How Deserts Are Formed ?
When we look at the world map, it is covered with those beautiful looking blue oceans, those white polar caps, beautiful green lands and some brown parts. Every portion of this blue ocean, the brown deserts, those beautiful green lands make the world a beautiful place to live in.
But have you ever wondered how those deserts are formed. What causes those brown areas that we see in the map? The main reason on how this deserts are formed is due to the formation of rainforest areas.
First let’s understand how this rainforest areas are formed.
We all know the major portion of deserts is in Africa and Australia whereas the European region is not covered with deserts. So what is the reason behind this differences? In 1735, George Hadley a London lawyer and meteorologist tried to explain why there are rainforest areas near the equator and deserts just north and south of it.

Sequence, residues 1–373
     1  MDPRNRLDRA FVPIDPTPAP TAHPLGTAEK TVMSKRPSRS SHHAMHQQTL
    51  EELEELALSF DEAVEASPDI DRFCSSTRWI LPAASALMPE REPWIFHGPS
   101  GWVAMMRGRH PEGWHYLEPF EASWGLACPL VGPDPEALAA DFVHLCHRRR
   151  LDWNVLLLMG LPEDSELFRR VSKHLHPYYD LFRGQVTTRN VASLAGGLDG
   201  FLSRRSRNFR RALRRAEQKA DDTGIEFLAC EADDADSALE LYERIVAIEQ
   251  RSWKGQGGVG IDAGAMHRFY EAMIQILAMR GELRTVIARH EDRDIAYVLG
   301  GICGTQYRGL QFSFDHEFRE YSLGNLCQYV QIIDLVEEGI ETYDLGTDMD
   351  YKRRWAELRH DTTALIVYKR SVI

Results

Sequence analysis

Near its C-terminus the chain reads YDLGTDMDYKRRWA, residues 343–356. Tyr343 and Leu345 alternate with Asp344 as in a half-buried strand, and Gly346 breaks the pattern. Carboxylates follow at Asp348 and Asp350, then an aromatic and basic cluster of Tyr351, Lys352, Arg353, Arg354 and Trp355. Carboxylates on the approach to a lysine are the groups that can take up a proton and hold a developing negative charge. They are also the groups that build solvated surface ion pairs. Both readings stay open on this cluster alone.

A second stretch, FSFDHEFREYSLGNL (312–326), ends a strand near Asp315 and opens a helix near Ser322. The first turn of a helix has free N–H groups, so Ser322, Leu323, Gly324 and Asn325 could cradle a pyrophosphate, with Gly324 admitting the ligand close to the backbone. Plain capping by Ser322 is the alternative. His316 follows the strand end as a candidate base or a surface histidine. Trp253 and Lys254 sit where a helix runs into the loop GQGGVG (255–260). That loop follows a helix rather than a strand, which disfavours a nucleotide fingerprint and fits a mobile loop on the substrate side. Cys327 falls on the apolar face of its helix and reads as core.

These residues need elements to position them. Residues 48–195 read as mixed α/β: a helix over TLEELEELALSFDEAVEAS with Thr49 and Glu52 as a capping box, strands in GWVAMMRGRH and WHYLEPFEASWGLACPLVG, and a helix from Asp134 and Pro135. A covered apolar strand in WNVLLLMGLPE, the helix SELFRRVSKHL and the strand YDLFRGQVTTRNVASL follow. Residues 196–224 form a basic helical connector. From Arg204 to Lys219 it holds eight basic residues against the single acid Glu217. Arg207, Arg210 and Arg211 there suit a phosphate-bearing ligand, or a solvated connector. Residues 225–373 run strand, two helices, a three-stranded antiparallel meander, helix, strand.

Rainforests are almost self-watering. What do you mean by this self-watering? Plants release water into the atmosphere. The moisture created helps to form a thick cloud which covers the rain forests. Rainforest seems to be highest near the equator. This is because the sun warms the earth most at the equator. Hence the air to the north and south remains cooler keeping the atmosphere denser.
The warm air from north and south moves in the middle and not stopping there but heading upwards. As this warm air heads upwards it starts cooling, and because cool air cannot hold as much moisture as compared to warm air, it starts raining heavily. This heavy rains is enough to make a rainforest.
The air rising up creates a ceiling after reaching an altitude of about 17 kilometers and starts to spread out in the northern and southern region. As this air moves away in these regions it starts becoming denser and slightly cooler, until it finally dries up. When the air starts drying up, it creates an arid band where this deserts come into existence.
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